Color is in absolutely every aspect of life. We live in a technicolor world, which is quite a beautiful thing. As an art historian, when I look at a work of art, I examine technique, style, shadows, content, meaning, context, form and materials. There are many times the overwhelming presence of color almost gets overlooked. So used to it, my quest to dig deeper in each work of art to find what lies beneath almost becomes an afterthought. The current exhibition at the MC Erny Gallery reaffirms the importance of color not only to art but to life.
After having gone through a juried process to exhibit at MC Erny, the panelists combined the artwork of Cammeron Alekzandra Batanides, Mark Weber and Heather Divorky in the latest show, “Dreaming of Color.” Although the inspiration and themes of their works differ, they share a vibrancy of color.
“We decided to title the exhibition ‘Dreaming in Color’ because we found it is what we have in common,” Batanides says. “Although we differ in subject matter and the meaning behind our work, we share a brilliant palette, which really makes this exhibition stand out.”
A well-known local artist originally from Charlotte, Batanides moved to Wilmington to pursue an art degree. Falling in love with the town, she made the Port City her home. Making our lives colorful, fun and more enjoyable, her work has been exhibited in a variety of venues across Wilmington. Most recently, she was one of 14 artists from around the world to be chosen to display on a billboard and group exhibit in New Orleans for the Jazz and French Quarters Festival. She has recently returned from Los Angeles, CA, after doing a solo exhibition at the Los Angeles Fine Arts Building. Her work aims to create a world of harmony, peace and beauty, and even uses artwork as a way we can find and center ourselves.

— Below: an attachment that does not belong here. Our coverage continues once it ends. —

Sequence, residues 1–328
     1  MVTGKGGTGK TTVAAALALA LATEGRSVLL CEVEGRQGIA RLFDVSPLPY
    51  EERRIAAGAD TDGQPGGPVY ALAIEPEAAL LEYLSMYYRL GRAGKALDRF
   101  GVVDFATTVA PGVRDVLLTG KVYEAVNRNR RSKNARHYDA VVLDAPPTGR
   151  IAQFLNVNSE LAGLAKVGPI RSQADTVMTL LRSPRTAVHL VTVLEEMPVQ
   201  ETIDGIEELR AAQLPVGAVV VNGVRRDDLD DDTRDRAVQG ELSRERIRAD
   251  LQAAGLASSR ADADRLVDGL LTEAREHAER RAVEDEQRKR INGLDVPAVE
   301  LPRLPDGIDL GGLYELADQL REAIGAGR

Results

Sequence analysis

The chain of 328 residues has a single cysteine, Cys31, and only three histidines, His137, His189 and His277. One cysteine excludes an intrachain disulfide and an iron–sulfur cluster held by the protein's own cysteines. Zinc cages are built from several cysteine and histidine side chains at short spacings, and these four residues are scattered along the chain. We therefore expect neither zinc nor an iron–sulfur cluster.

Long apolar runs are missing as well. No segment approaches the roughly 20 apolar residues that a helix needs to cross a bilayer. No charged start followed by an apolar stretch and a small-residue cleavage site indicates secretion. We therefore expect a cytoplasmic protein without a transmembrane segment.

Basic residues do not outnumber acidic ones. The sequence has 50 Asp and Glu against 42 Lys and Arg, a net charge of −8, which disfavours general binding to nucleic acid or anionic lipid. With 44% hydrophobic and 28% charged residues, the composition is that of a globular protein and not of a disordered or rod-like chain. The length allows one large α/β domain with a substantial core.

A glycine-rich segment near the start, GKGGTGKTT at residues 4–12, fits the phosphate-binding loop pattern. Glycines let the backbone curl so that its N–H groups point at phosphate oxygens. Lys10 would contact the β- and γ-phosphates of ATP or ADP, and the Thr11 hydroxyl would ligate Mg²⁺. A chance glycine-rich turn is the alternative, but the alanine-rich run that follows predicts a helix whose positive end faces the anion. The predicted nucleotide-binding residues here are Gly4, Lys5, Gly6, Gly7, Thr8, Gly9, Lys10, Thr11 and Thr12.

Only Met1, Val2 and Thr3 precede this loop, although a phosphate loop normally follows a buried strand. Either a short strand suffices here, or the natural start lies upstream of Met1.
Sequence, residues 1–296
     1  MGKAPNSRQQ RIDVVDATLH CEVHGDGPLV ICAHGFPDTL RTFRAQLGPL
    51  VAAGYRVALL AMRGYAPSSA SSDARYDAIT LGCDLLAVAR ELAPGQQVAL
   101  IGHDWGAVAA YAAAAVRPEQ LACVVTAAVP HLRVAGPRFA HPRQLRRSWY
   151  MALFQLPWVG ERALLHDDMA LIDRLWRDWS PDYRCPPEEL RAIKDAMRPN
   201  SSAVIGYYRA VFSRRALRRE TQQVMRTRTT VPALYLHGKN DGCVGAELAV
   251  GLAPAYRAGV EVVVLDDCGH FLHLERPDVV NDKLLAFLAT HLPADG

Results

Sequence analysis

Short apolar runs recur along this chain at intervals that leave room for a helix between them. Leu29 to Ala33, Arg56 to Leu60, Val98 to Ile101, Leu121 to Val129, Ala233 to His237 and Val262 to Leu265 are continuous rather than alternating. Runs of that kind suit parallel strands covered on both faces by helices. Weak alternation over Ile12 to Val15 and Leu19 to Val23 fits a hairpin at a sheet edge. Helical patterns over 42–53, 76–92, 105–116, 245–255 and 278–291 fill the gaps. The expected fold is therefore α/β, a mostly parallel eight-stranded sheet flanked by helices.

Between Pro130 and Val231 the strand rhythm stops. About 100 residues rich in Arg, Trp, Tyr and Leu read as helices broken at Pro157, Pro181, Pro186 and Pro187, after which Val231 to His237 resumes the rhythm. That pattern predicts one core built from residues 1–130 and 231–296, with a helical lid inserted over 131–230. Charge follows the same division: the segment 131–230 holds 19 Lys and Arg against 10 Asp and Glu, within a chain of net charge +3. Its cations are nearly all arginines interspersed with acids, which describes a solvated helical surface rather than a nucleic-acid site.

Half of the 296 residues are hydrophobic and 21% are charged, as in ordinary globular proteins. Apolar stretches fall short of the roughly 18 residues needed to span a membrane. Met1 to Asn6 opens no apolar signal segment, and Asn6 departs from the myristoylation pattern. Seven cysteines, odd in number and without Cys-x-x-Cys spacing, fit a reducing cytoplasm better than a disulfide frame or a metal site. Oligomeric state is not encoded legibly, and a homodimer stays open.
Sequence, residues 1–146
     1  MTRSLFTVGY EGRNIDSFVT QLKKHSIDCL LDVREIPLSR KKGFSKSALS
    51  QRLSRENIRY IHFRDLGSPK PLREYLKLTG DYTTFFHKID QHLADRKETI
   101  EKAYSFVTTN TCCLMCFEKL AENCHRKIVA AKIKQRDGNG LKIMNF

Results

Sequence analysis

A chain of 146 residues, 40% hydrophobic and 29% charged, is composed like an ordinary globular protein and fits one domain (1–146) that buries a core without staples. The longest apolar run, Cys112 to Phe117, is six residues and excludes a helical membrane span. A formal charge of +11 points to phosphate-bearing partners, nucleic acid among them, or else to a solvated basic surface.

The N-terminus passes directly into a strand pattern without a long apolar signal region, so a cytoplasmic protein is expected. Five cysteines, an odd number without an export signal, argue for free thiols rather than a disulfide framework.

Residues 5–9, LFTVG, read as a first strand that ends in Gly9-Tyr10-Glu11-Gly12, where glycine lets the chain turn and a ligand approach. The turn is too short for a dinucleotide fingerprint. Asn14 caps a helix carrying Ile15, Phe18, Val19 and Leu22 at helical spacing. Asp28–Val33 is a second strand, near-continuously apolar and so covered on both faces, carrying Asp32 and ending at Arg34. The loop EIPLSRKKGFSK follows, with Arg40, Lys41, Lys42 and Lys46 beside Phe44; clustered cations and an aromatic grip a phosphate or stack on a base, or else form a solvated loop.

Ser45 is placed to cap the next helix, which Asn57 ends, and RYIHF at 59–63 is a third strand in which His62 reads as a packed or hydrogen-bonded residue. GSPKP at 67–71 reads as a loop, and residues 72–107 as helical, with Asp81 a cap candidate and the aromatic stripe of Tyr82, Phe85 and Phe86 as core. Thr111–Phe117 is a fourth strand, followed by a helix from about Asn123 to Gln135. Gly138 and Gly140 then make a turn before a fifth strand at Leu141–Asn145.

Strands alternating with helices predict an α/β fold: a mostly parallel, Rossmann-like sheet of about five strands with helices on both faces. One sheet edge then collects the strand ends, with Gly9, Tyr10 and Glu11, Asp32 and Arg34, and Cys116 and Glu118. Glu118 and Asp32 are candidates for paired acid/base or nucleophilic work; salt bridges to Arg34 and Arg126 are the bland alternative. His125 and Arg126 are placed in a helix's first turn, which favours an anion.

“I will be exhibiting some new work [at MC Enry Gallery,]” Batanides states. “There are pieces that haven’t been shown before, so this is their debut. Some of the other pieces in the exhibition haven’t been exhibited anywhere but the Los Angeles Fine Arts Building.”
Mark Weber features a trove of color and texture in his purely visual artwork. Also an illustrator of children’s books, he worked on “The Pirate Princess” (2005, Arthur A. Levine Books/Scholastic) and the entire King School series of books (90 in all; Townsend Press) for young readers. Since moving to Wilmington in 2010, Weber maintains a local studio working as an illustrator and fine artist. He lends his talents to a variety of newspapers and magazines and even contributed to the International Herald Tribune in Paris from 2003 to 2005. As a pop-cultural snippet of interest, he created a portrait of Ol’ Dirty Bastard, which was featured in a 1999 edition of Rolling Stone.“Mark’s work is illustrative and very colorful,” Batanides ponders. “You can see that he allows the media to be free in his work, seeing the washy characteristics of gouache and watercolor in some areas, while other areas remain more tight.” His style relates to his extensive work as an illustrator of children’s books and posses a whimsical, playful element to his work, almost as if each piece is on the verge of telling us a great story.
A Wilmington native who graduated from Ashley High School and studied at Appalachian State University in art history, Heather Divoky is furthering her education at the University in Netherlands. Currently she’s working toward her masters in art history, with a concentration in museums and collections, as well as world and contemporary.
“I love art history,” she says, “and consider myself a scholar. But I also consider myself an active participant in the art world as well as a traditional artist.”
Divoky’s aesthetic philosophy, often informed by history, contains whimsy and magic, uniquely her own. Inspired by Mesoamerican art, Outsider Art and Art Nouveou, she draws every day.
“Heather’s work is also illustrative,” Batanides notes. “She really incorporates the aspects of design; you will notice very intricate line work within each piece. She builds characters with her subjects. Her work is also very colorful.”
Paired together randomly as part of their group showing, the work of all three artists revels in expressive and unique luster. Batanides has enjoyed meeting her fellow colleagues and sharing in ideas.
“My work is very colorful but is not illustrative, even though the allusion of being such is there,” she continues. “My work portrays and preserves the world of the creative soul and how things are viewed from our eyes. If you’re a musician, everything is a note or sound; if you’re a visual artist, everything you see is broken down into shadows, highlights, colors, etc. “
A closing reception for this exhibition will be held on September 27th in conjunction with the Fourth Friday Gallery Walk downtown. The MC Erny Gallery is located at WHQR on the third floor of the Warwick Building at 254 N. Front Street. The gallery walk is free.
Dreaming of Color
Featuring art work of Cammeron Batanides, Heather Divoky and Mark Weber
Closing reception Sept. 27th,
6 p.m. – 9 p.m.
MC Erny Gallery, WHQR
254 N. Front Street